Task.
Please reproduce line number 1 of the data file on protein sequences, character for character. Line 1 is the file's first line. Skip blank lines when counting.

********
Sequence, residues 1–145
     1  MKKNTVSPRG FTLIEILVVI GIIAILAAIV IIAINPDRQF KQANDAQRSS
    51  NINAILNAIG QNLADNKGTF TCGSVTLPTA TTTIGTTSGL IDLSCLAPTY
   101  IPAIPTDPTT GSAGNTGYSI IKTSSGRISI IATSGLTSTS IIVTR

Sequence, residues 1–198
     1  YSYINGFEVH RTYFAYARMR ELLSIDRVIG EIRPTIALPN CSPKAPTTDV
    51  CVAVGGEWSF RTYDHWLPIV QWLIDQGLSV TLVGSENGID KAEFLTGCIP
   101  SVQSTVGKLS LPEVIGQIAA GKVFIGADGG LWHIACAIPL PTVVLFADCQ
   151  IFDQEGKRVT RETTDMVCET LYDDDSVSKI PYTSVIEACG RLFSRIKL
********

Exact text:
Sequence, residues 1–145